When was the last time you looked in the mirror and said “I love my body.” Or do you only see what you consider your flaws? Many times when you are on our weight and wellness journey, you only focus on your flaws and not your best features. The weight loss industry doesn’t help with this.
The weight loss industry markets messaging that suggests “If you just lose weight everything will be great.” or “ With weight loss, you’ll look in the mirror and feel beautiful.”
That’s far from the truth. Self-love isn’t dictated by your dress size. And looking in the mirror
won’t guarantee instant happiness. Self-love starts deep within.
I’ve lost 60 lbs twice and worn 7 different dress sizes in my adult life so I can tell you from
experience, weight loss doesn’t ensure instant happiness. I know I’m not alone because I
guided hundreds of women through their weight and wellness journey with similar experiences.
Rather, I've learned that when you love yourself at any size, you won’t need the scale or your dress size to determine your happiness. Let’s take that a little deeper: your weight won’t determine your worth.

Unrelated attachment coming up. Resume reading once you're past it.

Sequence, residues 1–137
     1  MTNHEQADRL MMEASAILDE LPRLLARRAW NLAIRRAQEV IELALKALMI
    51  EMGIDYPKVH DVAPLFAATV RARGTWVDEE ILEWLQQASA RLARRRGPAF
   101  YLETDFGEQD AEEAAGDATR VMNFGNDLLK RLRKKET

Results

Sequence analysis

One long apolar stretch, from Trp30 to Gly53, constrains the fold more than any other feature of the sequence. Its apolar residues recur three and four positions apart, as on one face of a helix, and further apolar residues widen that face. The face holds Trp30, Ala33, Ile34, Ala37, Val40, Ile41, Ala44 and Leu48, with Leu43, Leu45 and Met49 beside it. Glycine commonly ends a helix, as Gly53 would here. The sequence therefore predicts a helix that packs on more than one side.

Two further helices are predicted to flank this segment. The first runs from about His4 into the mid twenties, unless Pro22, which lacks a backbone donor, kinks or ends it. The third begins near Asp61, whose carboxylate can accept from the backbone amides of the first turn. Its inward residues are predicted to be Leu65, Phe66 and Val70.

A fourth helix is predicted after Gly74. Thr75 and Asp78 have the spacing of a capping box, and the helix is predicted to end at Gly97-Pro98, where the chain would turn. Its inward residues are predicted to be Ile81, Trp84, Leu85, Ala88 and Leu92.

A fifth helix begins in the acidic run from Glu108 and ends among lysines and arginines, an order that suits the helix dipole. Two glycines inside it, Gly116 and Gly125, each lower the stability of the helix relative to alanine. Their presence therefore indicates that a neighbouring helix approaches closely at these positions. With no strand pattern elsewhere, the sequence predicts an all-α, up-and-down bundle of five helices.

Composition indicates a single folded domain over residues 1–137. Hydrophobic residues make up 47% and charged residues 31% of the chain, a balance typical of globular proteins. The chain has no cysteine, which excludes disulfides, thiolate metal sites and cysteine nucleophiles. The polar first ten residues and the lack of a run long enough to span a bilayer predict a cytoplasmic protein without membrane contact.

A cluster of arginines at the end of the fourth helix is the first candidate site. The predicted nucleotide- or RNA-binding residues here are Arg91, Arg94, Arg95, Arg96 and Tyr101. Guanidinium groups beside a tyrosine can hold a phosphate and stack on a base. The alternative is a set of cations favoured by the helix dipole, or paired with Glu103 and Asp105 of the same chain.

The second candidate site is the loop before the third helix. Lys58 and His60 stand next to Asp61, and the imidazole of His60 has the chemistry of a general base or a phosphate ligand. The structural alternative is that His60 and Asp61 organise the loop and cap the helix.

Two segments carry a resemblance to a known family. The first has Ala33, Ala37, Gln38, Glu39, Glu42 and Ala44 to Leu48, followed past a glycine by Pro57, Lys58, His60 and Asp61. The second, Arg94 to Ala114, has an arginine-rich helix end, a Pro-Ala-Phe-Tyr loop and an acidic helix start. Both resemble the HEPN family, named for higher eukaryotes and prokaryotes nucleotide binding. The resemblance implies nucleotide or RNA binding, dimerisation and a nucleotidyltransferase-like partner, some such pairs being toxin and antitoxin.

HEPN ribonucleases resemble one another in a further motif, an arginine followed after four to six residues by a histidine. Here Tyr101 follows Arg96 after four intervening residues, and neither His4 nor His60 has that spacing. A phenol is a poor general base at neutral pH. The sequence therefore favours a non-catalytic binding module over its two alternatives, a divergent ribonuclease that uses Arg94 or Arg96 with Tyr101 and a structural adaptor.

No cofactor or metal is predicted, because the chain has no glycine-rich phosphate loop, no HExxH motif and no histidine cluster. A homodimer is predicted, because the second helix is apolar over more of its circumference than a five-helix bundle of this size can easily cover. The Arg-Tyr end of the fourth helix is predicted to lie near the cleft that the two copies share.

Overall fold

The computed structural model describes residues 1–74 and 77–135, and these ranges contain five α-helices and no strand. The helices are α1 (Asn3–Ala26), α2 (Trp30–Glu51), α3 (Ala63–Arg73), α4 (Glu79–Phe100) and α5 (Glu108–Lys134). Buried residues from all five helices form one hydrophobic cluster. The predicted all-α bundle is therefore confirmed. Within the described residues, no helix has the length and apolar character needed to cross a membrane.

Here me out, I’m not saying it’s “wrong” to have things about yourself you want to change.
However, why you want to change and how you treat yourself on your weight & wellness
journey is important. I’ve learned the hard way on my own Embrace You Weight & Wellness
journey and through helping hundreds of women on their journey that self-love is essential for sustainable change.
So how do you transform “body hate” into body love? Check out this Obesity Help blog post I wrote “How to Transform Body Hate to Body Love.” I share “5 Steps to Cultivate Body Love”:
1. Write down your negative thoughts.
2. Match each negative thought with a positive body love affirmation
3. Release people, places, circumstances & mindsets that make you feel bad about
4. Invest in clothes that make you feel good about your current body.
5. Seek help, especially if you can’t move past hating your body.